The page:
Main Issue

People are already consuming natural resources at a rate faster than the planet can replenish them. Yet the world’s population is expected to grow from 7 billion to 9 billion by 2050. Thus, the demand for energy, transport, buildings, and food will only increase in the years ahead. Agriculture will need to meet the growing demand for food — projected to increase by 70 percent by mid-century.  

The global food system’s impact on biodiversity, ecosystems, and ecosystem services is overwhelming. With 40 percent of the planet’s landmass (excluding deserts, permanent ice, and lakes) being used to grow food, the potential for environmental degradation will only increase as agriculture continues to expand. At the same time, nearly 2 billion hectares of cropland, grazing land, forests, and woodlands are degraded. This has negative impacts on ecosystem services, including the provision of freshwater, food, fuel and fiber, clean air and water, climate regulation, and habitat.  

The global challenge is to find sustainable ways to feed a growing population. The world needs a more sustainable food system, one that embeds sustainability from farm to fork, generates agricultural commodities without deforestation and habitat conversion, and restores soils and degraded areas back into natural ecosystems or into productivity. 

What We Do

How the world’s food system and land use evolves will have major implications for the health of the planet. The GEF’s Food Systems, Land Use, and Restoration Impact Program is supporting efforts to design systems that protect our planet’s biophysical processes and resources, absorb greenhouse gas emissions, provide nutritious and affordable food for the growing number of people worldwide, and strengthen the resilience and prosperity of rural populations. Achieving these outcomes could generate 80 million jobs and create an additional US$2.3 trillion in productive growth by 2030. 


The Food Security Program  fosters sustainability and resilience by creating or strengthening institutional frameworks, scaling up integrated approaches, and monitoring and assessment of global environmental benefits. This contributes to maintaining globally significant biodiversity and the ecosystem goods and services, bringing 1.1 million hectares (ha) of landscapes under improved production practices, and an additional 2.1 million ha under sustainable land management. It also supports a transformational shift towards a low emission and resilient development path, mitigating 59 million tonnes of carbon.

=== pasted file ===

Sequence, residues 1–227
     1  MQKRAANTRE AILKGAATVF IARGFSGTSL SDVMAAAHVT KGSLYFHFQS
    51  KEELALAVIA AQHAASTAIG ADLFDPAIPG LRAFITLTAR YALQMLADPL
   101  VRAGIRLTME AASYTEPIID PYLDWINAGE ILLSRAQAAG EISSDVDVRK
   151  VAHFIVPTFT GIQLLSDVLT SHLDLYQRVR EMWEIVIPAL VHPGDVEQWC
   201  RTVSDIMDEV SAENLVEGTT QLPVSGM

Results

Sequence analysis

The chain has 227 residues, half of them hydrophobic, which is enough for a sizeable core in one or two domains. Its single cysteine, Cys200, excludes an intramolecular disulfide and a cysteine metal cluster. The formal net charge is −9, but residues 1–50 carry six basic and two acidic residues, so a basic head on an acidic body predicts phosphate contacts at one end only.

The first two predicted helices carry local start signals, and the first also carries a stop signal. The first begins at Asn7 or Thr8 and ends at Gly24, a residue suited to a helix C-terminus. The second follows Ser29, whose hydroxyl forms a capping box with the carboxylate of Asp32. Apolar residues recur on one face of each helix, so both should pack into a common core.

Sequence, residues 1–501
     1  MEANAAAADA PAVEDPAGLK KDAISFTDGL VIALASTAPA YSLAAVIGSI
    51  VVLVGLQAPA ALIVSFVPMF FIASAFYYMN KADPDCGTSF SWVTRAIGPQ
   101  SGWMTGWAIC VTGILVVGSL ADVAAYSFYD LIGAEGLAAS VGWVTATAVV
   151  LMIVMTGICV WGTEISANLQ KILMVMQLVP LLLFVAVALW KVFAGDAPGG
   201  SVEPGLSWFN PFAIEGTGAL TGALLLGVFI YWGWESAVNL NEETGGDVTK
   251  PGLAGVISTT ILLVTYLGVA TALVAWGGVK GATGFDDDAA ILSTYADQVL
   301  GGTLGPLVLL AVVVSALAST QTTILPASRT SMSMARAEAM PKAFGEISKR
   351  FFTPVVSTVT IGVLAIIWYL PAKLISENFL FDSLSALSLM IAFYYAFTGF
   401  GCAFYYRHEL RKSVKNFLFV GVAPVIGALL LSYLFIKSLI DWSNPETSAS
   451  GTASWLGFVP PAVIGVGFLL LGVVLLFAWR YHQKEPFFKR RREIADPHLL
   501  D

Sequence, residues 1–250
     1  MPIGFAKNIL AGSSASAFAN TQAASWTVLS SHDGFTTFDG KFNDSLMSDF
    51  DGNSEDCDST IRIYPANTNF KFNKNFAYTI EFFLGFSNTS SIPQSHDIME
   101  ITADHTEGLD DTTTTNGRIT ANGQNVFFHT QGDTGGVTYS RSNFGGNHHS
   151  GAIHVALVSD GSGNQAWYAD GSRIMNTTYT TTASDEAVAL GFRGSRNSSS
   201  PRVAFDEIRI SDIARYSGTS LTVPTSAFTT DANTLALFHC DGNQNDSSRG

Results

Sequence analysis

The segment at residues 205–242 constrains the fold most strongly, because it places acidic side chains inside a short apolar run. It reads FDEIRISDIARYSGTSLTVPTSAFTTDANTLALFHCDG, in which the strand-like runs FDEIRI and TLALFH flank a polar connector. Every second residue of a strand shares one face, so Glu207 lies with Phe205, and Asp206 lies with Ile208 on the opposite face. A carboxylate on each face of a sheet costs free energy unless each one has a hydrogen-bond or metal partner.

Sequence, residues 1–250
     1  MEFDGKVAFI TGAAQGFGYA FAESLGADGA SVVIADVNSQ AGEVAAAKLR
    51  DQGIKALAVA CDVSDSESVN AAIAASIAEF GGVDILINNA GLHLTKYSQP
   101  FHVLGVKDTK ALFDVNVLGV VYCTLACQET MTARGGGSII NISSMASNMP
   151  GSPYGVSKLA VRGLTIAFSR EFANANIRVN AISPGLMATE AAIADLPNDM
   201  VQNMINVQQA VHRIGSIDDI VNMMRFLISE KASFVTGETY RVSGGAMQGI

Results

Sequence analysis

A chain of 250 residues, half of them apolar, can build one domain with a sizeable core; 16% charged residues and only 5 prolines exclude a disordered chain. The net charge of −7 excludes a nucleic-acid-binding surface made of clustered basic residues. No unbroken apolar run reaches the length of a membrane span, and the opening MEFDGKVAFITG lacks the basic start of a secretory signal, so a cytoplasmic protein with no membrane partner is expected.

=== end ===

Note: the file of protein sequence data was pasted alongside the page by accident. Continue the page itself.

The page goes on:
$1.2 billion

To strengthen food security

3.2 million

Hectares of land under improved production and sustainable management practices

59 million

Tonnes of carbon to be mitigated

Looking Ahead

Given the fact that increasing demand for food is one of the major drivers of biodiversity loss, land degradation, and depletion of water resources, in GEF-7 the Food Systems, Land Use, and Restoration Impact Program will support efforts to ensure that productive lands are embedded within landscapes that provide ecosystem services as well as protect the natural ecosystems and soil on which they depend. Achieving this transition will require a holistic, system-wide approach integrating both horizontal (land and natural resources) and vertical (food value and supply chain) dimensions.  

In order to accommodate differences between countries with respect to opportunities for leveraging GEF financing, the Impact Program focuses on three interrelated priorities: promoting sustainable food systems to tackle negative externalities in entire value chains; promoting deforestation-free agricultural commodity supply chains; and promoting large-scale restoration of degraded landscapes for sustainable production and ecosystem services.  

The  Food, Land Use, and Restoration Impact Program  seeks to transform food and land use systems and help countries reconcile competing social, economic, and environmental interests by moving away from unsustainable sectoral approaches. GEF support will help countries meet the growing demand for increased crop and livestock production while eliminating the risk of further expansion of farmland into natural high-biodiversity habitats and forests, erosion of genetic diversity, overexploitation of land and water resources, overuse of chemical fertilizers and pesticides, and inefficient practices that lead to greenhouse gas emissions.